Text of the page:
And those who slipped out of their names, as if called
Out of them, as if they had been waiting

To be called:

Stavros lecturing from his bequeathed chair at the Cafe Midi,
In the old Tower Theatre District, his unending solo

Above the traffic on Olive, asking if we knew what happened
To the Sibyl at Cumae after Ovid had told her story,

After Petronius had swept the grains of sand from it, how,

Granted eternal life, she had forgotten to ask for youth, & so,
As she kept aging, as her body shrank within itself

And the centuries passed, she finally

Became so tiny they had to put her into a jar, at which point
Petronious lost track of her, lost interest in her,

And at which point she began to suffocate

In the jar, suffocate without being able to die, until, finally,
A Phoenician sailor slipped the gray piece of pottery—

Its hue like an overcast sky & revealing even less—

Into his pocket, & sold it on the docks at Piraeus to a shop owner
Who, hearing her gasp, placed her in a bird cage

On a side street just off Onmonios Square, not to possess her,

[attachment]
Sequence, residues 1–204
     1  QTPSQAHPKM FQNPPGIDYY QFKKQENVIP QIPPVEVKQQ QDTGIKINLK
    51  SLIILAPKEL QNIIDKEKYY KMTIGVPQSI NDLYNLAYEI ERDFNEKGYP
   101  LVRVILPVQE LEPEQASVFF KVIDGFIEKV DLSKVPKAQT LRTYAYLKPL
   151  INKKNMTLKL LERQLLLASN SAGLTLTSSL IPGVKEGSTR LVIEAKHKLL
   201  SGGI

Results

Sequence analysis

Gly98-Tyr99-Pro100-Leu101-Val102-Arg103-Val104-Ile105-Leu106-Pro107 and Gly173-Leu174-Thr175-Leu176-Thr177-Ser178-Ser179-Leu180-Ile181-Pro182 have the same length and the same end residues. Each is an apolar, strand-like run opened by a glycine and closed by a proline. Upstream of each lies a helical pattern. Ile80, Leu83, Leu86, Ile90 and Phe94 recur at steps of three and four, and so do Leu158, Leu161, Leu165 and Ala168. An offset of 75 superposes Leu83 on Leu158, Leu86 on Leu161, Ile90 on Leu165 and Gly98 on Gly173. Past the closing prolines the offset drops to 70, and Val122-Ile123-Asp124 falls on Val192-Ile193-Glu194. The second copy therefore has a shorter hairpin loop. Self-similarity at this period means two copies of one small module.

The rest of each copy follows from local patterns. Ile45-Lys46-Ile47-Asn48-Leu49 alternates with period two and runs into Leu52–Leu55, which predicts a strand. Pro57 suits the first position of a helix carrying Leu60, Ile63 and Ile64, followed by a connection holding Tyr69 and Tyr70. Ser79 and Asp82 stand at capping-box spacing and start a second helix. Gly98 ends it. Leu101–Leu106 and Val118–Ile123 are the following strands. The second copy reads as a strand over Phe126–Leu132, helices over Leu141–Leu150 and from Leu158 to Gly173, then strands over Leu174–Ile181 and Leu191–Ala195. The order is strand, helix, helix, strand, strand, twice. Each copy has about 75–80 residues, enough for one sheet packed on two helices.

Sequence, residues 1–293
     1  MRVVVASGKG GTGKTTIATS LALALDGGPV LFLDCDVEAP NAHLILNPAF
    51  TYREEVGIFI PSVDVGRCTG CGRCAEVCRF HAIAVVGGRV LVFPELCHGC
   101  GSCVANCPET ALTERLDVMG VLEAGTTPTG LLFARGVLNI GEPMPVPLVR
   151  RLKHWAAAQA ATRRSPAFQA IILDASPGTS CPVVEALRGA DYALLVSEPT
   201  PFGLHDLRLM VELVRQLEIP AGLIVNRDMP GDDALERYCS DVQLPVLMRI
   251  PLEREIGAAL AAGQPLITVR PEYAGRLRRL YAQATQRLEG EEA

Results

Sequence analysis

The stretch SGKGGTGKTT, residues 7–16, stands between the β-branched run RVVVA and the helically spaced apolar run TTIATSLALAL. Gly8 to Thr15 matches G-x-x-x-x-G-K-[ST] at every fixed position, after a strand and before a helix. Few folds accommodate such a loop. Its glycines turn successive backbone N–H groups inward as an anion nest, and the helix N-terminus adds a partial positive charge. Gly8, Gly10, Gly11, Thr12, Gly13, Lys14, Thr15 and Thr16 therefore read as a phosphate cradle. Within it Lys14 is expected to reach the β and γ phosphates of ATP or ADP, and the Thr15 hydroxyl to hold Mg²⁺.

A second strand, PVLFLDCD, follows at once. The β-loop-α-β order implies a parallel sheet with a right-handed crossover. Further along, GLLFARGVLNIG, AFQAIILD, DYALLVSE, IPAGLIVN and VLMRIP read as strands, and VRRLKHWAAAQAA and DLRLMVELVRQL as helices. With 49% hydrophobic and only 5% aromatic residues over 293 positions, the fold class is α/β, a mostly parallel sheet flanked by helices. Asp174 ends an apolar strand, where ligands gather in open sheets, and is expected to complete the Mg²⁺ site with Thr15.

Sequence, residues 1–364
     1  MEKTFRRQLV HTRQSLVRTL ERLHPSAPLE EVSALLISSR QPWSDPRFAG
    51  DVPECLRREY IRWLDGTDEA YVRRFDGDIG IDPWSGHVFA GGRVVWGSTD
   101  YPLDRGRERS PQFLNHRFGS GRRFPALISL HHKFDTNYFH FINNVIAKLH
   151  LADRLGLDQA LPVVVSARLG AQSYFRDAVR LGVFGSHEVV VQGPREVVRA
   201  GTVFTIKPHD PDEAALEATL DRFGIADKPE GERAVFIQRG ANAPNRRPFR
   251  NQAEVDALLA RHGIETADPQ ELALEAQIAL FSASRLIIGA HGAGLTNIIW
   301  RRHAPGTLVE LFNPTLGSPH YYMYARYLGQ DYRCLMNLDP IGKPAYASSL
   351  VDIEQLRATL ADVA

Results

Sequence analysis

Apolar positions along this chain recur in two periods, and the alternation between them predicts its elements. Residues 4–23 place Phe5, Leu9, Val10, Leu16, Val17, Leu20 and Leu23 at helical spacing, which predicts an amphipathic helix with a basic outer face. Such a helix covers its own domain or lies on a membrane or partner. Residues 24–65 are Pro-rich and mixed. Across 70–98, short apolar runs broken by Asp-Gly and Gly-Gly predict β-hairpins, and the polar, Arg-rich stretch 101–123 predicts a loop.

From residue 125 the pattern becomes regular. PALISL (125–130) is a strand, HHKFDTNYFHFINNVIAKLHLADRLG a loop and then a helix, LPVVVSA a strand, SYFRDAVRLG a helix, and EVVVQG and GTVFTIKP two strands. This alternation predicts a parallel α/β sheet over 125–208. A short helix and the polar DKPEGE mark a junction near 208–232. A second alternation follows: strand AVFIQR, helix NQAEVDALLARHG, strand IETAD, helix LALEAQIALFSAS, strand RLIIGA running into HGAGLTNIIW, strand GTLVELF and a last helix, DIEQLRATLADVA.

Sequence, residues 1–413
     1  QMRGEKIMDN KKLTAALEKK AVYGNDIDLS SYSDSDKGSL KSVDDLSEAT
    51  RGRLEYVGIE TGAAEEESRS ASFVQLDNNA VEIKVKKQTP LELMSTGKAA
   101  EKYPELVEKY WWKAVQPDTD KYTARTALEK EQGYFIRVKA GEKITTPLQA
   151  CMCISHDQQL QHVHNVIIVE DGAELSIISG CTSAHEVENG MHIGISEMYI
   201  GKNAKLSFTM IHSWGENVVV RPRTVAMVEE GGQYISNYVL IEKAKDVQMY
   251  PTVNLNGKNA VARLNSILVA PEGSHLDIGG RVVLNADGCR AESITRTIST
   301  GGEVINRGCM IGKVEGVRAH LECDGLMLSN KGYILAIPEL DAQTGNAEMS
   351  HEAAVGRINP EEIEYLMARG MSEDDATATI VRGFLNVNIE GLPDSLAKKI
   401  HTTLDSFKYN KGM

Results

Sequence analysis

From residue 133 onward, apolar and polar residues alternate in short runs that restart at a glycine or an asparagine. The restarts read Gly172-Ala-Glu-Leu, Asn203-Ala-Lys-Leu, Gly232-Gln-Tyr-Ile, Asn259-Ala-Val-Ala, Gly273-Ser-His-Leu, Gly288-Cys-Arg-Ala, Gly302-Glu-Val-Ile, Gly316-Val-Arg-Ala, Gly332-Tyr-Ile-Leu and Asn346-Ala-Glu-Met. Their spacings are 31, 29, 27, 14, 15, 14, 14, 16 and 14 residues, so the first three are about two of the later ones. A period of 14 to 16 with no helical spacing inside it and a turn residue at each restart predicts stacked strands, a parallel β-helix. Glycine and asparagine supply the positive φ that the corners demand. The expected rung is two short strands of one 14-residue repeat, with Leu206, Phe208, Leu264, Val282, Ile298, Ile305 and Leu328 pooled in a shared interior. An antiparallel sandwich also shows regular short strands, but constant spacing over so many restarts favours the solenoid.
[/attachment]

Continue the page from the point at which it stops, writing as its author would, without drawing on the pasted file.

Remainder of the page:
But to protect her from pedestrians, & the boys of Athens rattled
The bars of the cage with sticks as they ran past yelling,

“Sibyl, Sibyl, what do you want?”—each generation having to
Listen more closely than the one before it to hear

The faintest whispered rasp from the small bitter seed
Of her tongue as she answered them with the same

Remark passing through time, “I want to die!” As time passed & she
Gradually grew invisible, the boys had to press

Their ears against the cage to hear her,

And then one day the voice became too faint, no one could hear it,
And after that they stopped telling

The story. And then it wasn’t a story, it was only an empty cage
That hung outside a shop among the increasing

Noise of traffic, &, from the Square itself, blaring from loudspeakers,
The shattered glass & bread of political speeches

That went on half the night, & the intermittent music of strip shows
In summer when the doors of the bars were left open,

And then, Stavros said, the sun shone straight through the cage.

You could see there was nothing inside it, he said, unless you noticed
How one of the little perches swung back & forth, almost

Imperceptibly there, though the street was hot, windless; or unless
You thought you saw a trace of something flicker across